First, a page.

Diabetes patients in Banburyshire can still get medical help, say health chiefs

A diabetes hotline is now live. Medical services for those with the condition continue in spite of the coronavirus crisisA diabetes hotline is now live. Medical services for those with the condition continue in spite of the coronavirus crisis
A diabetes hotline is now live. Medical services for those with the condition continue in spite of the coronavirus crisis
People with diabetes are reminded this Diabetes Week that medical support is still available during the COVID-19 pandemic, the Horton trust says.

Partners across the healthcare system are still offering services, advice, and support for people with diabetes across the county, according to Oxford University Hospitals Trust.

These include:

- a dedicated hotline for people who need medical advice around their diabetes

- virtual appointments via video and telephone calls

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- using technology to remotely obtain essential data like glucose and insulin doses.

People with diabetes are also advised to be aware of the symptoms of a diabetic emergency. These would include vomiting, raised blood glucose and raised ketones. If you recognise these symptoms, you should seek urgent medical advice from your GP practice, your usual diabetes team, call 111, or if you’re very unwell call 999.

Katie Hards, Lead Diabetes Specialist Nurse at Oxford University Hospitals NHS Foundation Trust, said: “We can understand why people with long-term conditions like diabetes may be anxious during the COVID-19 pandemic. Help and support is still available, and we’re still here to help people manage their condition. It’s always important to manage your diabetes, and that shouldn’t change because of the current situation.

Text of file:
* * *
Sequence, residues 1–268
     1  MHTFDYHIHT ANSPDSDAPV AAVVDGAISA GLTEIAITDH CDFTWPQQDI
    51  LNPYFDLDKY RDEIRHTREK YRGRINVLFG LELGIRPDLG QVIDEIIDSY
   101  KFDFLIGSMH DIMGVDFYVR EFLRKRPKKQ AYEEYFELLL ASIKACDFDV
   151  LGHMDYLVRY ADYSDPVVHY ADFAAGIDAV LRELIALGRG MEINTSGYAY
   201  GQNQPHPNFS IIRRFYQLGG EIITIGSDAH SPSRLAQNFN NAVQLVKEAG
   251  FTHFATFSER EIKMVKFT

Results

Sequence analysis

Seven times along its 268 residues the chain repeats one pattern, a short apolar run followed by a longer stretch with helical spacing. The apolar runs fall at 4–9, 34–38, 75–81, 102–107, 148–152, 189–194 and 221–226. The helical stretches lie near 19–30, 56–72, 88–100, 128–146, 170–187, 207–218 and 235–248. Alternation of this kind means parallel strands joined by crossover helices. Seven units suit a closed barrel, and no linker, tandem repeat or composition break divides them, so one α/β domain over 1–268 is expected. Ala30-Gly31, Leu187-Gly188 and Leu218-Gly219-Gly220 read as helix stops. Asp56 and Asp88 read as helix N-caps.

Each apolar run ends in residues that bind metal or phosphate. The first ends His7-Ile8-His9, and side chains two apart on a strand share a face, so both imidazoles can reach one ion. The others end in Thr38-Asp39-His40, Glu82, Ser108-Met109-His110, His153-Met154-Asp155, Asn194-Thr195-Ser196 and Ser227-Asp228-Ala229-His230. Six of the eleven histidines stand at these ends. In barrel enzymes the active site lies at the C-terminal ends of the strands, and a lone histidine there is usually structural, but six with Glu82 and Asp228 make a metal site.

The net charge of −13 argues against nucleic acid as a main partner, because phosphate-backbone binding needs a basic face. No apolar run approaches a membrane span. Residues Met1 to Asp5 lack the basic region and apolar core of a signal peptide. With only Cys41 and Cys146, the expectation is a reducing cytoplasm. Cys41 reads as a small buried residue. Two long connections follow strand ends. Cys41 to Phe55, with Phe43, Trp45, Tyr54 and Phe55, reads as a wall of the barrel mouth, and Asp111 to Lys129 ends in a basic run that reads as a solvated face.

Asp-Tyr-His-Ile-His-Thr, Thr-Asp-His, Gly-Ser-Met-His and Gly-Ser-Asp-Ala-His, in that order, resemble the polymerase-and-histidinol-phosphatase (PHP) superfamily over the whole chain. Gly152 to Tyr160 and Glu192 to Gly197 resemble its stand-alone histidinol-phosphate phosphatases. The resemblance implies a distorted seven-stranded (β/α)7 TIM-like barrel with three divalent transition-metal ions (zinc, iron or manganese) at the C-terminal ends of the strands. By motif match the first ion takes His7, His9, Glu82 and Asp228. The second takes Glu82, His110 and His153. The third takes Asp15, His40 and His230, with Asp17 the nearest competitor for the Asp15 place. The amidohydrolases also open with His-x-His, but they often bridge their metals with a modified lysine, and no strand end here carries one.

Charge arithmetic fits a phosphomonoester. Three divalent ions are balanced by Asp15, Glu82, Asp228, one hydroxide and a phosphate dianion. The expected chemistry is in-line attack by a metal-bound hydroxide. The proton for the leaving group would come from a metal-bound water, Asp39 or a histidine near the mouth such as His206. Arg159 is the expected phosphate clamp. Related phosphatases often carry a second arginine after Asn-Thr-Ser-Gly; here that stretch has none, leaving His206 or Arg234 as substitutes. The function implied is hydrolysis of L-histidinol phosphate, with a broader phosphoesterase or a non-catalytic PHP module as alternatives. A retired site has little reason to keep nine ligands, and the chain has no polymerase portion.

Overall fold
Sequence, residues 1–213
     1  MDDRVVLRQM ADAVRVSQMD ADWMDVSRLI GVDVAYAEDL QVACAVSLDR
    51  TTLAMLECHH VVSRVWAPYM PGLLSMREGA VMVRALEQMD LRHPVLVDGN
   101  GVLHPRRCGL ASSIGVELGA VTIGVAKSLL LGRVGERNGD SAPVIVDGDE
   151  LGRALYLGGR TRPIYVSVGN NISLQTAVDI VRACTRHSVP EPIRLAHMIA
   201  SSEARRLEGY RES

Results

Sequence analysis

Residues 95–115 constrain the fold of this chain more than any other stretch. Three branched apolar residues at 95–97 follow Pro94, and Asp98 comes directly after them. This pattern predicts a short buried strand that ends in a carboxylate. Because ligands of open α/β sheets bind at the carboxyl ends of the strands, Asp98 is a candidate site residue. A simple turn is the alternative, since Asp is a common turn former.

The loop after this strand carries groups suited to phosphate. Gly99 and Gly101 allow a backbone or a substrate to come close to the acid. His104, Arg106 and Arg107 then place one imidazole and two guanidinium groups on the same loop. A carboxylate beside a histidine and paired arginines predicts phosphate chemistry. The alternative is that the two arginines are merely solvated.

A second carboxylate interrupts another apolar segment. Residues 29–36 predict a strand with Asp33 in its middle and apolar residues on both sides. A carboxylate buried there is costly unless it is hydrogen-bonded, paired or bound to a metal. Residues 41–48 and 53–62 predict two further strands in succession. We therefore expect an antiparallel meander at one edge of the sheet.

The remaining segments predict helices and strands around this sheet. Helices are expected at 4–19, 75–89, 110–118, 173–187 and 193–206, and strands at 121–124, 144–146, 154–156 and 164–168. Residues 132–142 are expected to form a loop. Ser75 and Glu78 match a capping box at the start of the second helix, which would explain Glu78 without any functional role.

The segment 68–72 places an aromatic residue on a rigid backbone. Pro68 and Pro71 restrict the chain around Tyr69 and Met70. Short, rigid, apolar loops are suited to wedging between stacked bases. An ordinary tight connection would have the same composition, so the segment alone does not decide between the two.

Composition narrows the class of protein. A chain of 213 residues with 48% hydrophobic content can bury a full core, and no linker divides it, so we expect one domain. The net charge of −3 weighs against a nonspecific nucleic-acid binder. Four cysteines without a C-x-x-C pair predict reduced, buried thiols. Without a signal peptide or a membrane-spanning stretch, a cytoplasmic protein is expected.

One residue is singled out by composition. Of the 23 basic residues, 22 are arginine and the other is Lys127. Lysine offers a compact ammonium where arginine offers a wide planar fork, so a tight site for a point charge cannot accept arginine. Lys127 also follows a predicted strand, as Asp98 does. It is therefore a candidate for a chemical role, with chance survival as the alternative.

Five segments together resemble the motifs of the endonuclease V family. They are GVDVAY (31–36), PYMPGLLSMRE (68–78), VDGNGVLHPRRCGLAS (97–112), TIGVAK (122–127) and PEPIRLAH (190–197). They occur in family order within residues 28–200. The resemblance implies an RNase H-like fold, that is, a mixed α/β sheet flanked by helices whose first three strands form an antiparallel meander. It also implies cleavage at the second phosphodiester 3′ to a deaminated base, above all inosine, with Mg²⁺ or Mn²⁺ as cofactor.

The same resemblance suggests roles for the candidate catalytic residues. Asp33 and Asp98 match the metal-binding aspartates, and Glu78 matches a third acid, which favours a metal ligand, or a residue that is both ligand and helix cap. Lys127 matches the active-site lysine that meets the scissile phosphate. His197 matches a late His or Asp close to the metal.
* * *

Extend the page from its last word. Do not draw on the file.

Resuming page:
“There are support services available like a dedicated hotline for clinical advice, and eye and foot care teams are still able to see and treat you safely. If you’ve been asked to come for an appointment, it’s important you attend – measures are put in place to keep you safe, and receiving timely care is one of the best ways of preventing existing conditions getting worse.”

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Dr Amar Latif, GP and Clinical Lead for Diabetes at Oxfordshire Clinical Commissioning Group, said: “It is really important that people with diabetes continue to get the treatment they need. I would like to reassure people that although services might be slightly different, we are still here for you. If you have diabetes and experience a change in your vision or have any problems associated with your feet, then please do not hesitate to contact a healthcare professional as soon as possible. Looking after yourself during this challenging time is important, and can make a positive difference to your diabetes care.”

Having a long-term condition during COVID-19 can also have an impact on people’s mental health and wellbeing. Oxford Health NHS Foundation Trust can offer support for people with diabetes if they feel that their psychological health is impacted.

Jane Maskell, co-clinical lead for community diabetes at Oxford Health NHS Foundation Trust, said: “Looking after your mental health during this challenging time is important, and we understand that managing a long-term condition during the COVID-19 pandemic can be worrying for people.

“There are many resources to support your wellbeing during the pandemic, including our own TalkingSpace Plus service, and we encourage anyone who’s worried about their diabetic health to also contact the dedicated hotline to get medical advice from our specialist nurses. We’re here to help you and help you work through any worries you may have.”

For more information, please read the trust's Support for People with Diabetes document here.

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